Vanadium Flow Battery Technologies hold Potential For Stabilizing Grid, Expanding RE Sources


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Technology designed to bolster resilience of the electric grid and provide a way to store large amounts of energy from renewable sources is available, thanks to researchers from the Department of Energy’s Pacific Northwest National Laboratory (PNNL).

The research involves vanadium redox flow batteries—large batteries designed to store massive amounts of energy for long periods. These batteries hold the potential to store energy from renewable wind and solar sources and to make that energy available when the sun isn’t shining or the wind stops blowing.

“This emerging grid-scale storage technology has great commercial and energy security potential. We are eager to partner with additional industry partners to bring this technology to market and to support expanded use of renewable energies on the grid,” said Allan Tuan, commercialization manager for energy, grid and advanced fuel research at PNNL.

PNNL has already partnered with two companies that are bringing this technology to market. Now, a third and final semi-exclusive battery technology license is available.

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In addition to the vanadium redox flow battery technology license, PNNL has developed a related, high-performance mixed-acid electrolyte that can store more energy than many other technologies, over a wide range of temperatures. The electrolyte technology, compatible with redox flow battery technology, is currently licensed and available on a non-exclusive basis to chemical manufacturers.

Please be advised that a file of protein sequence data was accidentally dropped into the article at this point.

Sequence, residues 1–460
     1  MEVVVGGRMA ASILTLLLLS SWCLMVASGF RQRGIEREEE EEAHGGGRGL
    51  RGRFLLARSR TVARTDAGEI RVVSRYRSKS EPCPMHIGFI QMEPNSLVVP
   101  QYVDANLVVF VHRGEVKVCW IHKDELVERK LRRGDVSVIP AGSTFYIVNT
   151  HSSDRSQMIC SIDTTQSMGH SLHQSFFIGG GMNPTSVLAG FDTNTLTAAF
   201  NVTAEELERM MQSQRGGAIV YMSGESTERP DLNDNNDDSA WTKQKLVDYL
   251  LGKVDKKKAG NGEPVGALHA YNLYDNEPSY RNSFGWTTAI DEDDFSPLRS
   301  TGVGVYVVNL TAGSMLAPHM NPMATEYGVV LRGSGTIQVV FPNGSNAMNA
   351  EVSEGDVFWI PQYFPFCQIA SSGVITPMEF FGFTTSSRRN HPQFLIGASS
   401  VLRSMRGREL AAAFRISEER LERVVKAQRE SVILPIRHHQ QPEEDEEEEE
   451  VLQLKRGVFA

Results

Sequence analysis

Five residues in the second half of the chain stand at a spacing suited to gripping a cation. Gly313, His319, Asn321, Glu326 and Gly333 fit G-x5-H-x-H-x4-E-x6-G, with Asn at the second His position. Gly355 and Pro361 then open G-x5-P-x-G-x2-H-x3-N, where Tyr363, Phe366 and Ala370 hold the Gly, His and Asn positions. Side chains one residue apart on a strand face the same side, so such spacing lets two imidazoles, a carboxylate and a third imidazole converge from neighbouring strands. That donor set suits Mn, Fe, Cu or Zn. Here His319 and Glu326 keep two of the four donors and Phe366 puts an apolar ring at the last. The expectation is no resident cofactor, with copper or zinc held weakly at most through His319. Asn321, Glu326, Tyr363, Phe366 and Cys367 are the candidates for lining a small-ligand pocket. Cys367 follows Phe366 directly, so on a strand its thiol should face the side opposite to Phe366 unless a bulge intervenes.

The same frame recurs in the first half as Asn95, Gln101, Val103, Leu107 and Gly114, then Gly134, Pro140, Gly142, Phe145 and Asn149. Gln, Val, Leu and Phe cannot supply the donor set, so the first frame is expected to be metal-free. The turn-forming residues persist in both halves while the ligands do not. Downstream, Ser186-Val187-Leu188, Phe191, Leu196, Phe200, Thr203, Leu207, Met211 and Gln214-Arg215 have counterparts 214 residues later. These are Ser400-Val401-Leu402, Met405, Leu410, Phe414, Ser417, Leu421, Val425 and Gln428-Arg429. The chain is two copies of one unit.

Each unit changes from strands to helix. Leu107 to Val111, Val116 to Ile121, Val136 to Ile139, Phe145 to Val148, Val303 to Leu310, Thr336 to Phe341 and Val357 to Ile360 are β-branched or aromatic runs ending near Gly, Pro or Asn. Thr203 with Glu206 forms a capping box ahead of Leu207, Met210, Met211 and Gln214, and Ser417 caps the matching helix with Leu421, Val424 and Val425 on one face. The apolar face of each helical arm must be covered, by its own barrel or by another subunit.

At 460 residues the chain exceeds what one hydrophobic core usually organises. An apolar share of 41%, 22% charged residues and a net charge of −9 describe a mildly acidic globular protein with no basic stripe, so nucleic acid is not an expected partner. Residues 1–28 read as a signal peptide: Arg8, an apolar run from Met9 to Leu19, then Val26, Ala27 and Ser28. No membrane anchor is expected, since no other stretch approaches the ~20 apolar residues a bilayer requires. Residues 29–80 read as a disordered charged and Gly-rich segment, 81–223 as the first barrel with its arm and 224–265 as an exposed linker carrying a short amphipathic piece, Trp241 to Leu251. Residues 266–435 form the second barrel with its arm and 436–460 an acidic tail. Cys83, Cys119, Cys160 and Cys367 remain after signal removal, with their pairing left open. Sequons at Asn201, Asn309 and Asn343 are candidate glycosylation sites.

“PNNL offers technologies on a competitive basis to potential industry partners with the goal of enhancing national security and providing taxpayers the maximum return on impact,” said Christina Lomasney, director of commercialization at PNNL. “Once we have selected licensing partners, PNNL collaborates closely with them to support and improve the success of their market offering.”

PNNL has a successful record partnering with U.S. industry to bring technology to market. From the first optical disc recorder technology to the millimeter-wave technologies used to enhance traveler safety in airports all over the world, PNNL is both a pioneer in discovery and in partnership-based market deployment of scientific research.

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Vanadium redox flow battery research is one facet of PNNL’s historic strengths in grid technology and energy storage. PNNL is the future home of the Grid Storage Launchpad, where PNNL researchers, their industry counterparts and others will work together to explore large-scale energy storage for the grid. The effort is designed to boost clean energy adoption and make the nation’s power grid more resilient, secure and flexible.

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